Quitting a full-time job to become a firearms instructor is probably about as wise as quitting a good job in order to become a rock star just because someone enjoys playing a musical instrument with friends in a garage in the evenings or on the weekends.

    There's a LOT of folks trying to hang out their shingles and promote themselves as firearms & tactics instructors.

    This reminds me of when the idea of starting your own dojo was popular among martial arts people in the early 70's. There was seemingly no shortage of folks renting some niche of office or warehouse space and starting their own dojo, training hall, academy, whatever. The experience and qualifications of the folks seemed as variable as the success of their enterprise. Not many of them survived. Nowadays we've seen yet another in the cycles of such schools, this time capitalizing on the BJJ, MMA, UFO, etc venues. Once again, it's easy to see how some businesses seem to make it, but much more of them fade away without notice.

    If you're not in LE/Gov work, becoming introduced to the firearms training field via the NRA is probably a good idea. You can see the training activity and how NRA instructors may, or may not, make significant income (or are able to do it as their sole source of income).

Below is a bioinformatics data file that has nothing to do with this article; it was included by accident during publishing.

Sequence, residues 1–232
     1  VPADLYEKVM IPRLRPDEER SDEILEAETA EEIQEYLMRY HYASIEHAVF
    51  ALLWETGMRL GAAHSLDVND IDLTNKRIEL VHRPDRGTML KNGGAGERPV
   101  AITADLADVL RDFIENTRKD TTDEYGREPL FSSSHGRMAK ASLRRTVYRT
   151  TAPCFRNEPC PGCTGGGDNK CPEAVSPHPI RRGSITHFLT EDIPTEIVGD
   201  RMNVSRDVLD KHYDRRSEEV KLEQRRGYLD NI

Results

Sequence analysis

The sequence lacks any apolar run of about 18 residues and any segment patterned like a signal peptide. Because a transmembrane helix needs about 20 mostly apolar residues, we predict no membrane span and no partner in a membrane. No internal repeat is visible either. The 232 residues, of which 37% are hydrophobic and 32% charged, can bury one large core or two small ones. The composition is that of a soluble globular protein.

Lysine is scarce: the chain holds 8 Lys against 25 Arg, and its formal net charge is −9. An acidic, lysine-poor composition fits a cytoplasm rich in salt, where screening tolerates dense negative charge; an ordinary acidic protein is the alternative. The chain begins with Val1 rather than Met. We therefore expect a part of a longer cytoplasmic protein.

The better known names in the LE/Gov training field, taught by active & retired LE/Military folks ... and which aren't necessarily limited to those names well known among the non-LE folks who participate in internet firearms forums :whistling: ... often have to travel quite a bit in order to find their target audiences.

    Then, there's the issue of teaching within what an agency may expect taught to its people (versus what you may feel is appropriate to teach, or simply desire to teach), from a liability perspective, and perhaps being called upon to testify should a 'student' use what was taught during a training venue. (Hopefully it isn't contrary to agency GO's, policies, procedures or established best practices. ;) ) Entering the liability loop bears some consideration.

    As a LE firearms instructor (and having attended a basic instructor school which involved the participation of the FBI), my agency covered me when it came to liability exposure, as long as I remained within the course and scope of what they desired taught. While I've kept my hand in the training venue since my retirement, I've only done so within the LE agency context, by invitation and request, and haven't really been interested in forming a LLC to take my show on the road. I get enough satisfaction out of remaining a resource and helping teach lesser experienced instructors and armorers.

    What does your family think of this idea, BTW?

    Personally, if I had it to do over again, I'd rather have been a rock star.

    I'm just glad I didn't go commercial after having taught in one of the karate/self defense schools of the early 70's. :rofl: That way I could choose my private students with care, looking for qualities in a potential student that didn't involve asking about their back account. I realized I wouldn't enjoy operating a business just to attract students and be able to pay the rent and other bills.
    Last edited: Jun 25, 2010